Undergraduates get a jump on graduate school


Danielle Gray, assistant dean of academic affairs and diversity in Princeton's Graduate School, discusses summer research projects with Jason Russell, a junior at Claflin University.

Below left: Raymond Steath, a senior at Prairie View A&M University, explains his project to, from right: Kiri Sailiata, a senior at Macalester College; Tanti Loe, a junior at Smith College; and Erika O'Bannon, a junior at Boston College.

Photos: John Jameson

Before this summer, college junior Keith Lucas was already thinking about graduate school. But he just wasn't sure whether the lifestyle was for him.

Lucas, a philosophy major at the College of New Jersey, is one of 11 undergraduates from around the country selected to spend this summer on Princeton University's campus in a program intended to give them a taste of life as a graduate student.

After several weeks conducting research with Princeton graduate students and faculty members and living on campus with other highly motivated undergraduates, Lucas said, "I'm more than likely to go to graduate school due to this experience."

The students are enrolled in the Princeton Summer Undergraduate Research Experience, a nine-week program for undergraduates who express a serious interest in pursuing a Ph.D. and following a career in college or university teaching and research. Sponsored by Princeton's Graduate School, the program is intended to prepare students to make competitive applications to research doctoral programs. Undergraduates who are minorities, who are from socio-economically disadvantaged backgrounds or who are from liberal arts colleges are especially encouraged to apply. Students receive a stipend and a travel allowance.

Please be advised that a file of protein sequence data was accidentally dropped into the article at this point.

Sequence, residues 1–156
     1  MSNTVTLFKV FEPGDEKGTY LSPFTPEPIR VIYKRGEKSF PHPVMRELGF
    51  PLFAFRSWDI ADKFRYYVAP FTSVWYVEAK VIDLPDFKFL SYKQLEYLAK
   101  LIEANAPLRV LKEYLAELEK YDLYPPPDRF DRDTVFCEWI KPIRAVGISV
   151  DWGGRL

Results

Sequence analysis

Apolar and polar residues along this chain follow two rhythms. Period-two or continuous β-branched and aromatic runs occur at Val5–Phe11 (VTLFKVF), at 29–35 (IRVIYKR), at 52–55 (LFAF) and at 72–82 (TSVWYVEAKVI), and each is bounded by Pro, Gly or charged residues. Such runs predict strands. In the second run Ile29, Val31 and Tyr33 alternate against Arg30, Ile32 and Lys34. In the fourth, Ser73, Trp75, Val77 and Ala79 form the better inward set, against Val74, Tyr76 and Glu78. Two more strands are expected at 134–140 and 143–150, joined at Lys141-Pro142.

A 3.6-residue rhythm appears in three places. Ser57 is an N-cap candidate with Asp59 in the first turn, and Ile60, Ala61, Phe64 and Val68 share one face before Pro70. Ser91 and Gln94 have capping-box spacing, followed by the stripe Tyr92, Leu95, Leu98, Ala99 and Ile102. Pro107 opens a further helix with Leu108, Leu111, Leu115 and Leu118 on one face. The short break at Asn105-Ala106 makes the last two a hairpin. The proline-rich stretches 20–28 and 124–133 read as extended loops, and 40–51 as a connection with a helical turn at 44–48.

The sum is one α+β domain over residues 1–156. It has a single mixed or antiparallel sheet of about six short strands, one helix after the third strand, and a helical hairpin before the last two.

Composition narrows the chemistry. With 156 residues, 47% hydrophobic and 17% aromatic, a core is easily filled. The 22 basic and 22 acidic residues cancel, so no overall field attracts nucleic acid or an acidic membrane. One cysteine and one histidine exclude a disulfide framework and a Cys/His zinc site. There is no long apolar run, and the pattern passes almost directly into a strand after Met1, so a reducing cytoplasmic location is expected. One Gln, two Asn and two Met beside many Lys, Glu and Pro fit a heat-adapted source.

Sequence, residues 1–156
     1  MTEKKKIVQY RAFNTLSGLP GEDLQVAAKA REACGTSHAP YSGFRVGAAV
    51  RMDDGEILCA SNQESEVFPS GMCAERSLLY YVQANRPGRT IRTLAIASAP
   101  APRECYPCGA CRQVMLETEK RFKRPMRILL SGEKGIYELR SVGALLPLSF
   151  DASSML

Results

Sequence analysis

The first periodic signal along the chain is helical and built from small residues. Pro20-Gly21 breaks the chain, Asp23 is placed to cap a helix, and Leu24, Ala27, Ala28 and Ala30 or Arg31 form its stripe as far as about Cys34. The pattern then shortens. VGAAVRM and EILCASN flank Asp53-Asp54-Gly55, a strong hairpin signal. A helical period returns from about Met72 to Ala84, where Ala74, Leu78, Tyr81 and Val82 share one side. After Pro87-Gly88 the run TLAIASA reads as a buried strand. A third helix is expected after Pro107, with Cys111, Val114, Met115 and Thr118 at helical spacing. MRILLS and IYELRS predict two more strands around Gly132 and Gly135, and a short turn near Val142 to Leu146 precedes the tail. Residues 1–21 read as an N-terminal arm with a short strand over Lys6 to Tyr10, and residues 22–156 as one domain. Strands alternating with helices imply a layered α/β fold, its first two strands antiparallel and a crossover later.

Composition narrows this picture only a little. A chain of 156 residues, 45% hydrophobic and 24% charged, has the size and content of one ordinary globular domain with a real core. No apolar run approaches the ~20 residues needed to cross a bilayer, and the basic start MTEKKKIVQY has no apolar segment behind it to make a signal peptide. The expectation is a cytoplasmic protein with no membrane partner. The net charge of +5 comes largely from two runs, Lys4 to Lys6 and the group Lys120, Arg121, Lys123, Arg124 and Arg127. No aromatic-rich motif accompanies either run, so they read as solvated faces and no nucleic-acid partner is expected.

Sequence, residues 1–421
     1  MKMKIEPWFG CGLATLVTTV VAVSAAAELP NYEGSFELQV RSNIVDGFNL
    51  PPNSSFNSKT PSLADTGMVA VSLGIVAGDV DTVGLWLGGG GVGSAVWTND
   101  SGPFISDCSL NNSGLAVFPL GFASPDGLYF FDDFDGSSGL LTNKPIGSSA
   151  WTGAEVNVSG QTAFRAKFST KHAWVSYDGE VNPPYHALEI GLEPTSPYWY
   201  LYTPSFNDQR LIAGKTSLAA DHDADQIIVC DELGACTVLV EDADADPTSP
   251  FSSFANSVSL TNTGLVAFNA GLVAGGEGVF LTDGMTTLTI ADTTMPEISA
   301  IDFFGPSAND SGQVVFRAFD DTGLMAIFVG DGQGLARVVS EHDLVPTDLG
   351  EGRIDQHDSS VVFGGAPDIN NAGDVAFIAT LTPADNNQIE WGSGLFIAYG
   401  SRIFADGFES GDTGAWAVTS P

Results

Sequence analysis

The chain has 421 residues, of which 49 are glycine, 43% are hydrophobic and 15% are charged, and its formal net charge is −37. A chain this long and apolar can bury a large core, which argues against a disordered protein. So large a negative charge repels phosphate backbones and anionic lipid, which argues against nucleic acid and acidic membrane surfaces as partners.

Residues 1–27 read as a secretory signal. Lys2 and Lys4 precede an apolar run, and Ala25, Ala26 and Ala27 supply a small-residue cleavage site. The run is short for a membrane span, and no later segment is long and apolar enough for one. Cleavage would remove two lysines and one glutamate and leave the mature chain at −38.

Each student works with a Princeton faculty member, either as a research assistant in a laboratory project in the sciences and engineering or as an advisee in editing and writing research papers in the humanities and social sciences. The students have an opportunity to give several brief oral presentations about their work during the course of the summer and, at the end, must write a final paper and deliver a 20-minute speech about their research.


Raymond Steath, a senior at Prairie View A&M University, has worked with Edward Eigen, a lecturer in Princeton's School of Architecture, on a historical and graphic portrayal of a major fire at the Houses of Parliament in London in 1834. "[Professor Eigen] was able to provide a tremendous amount of information," Steath said. "And he was very efficient with helping me to conduct research at Firestone Library."

He added that the Princeton experience has made him "100 percent convinced" that he wants to attend graduate school in architecture. Other students have worked on projects concerning discrimination in the low-wage labor market and African-American voting rights.

In addition to meeting weekly with faculty members to discuss research design, methods and progress, the students have attended sessions on graduate school application, financial aid, graduate student life and academic life, in general, organized by Danielle Gray, assistant dean of academic affairs and diversity in the Graduate School.

Participants also attended the Leadership Alliance Summer Research Symposium July 29-31 in Massachusetts, where they made presentations, joined in workshops and participated in networking and career-building sessions. The alliance is a consortium of 31 leading research and teaching institutions, including the eight Ivy League schools, dedicated to improving the participation of underserved and underrepresented students in graduate studies and research professions.

Kiri Sailiata, a senior American studies major from Macalester College, said the Princeton program has boosted her self-assurance and broadened the range of graduate schools to which she'll apply. "This program has increased my confidence that I will perform well at institutions like these," she said.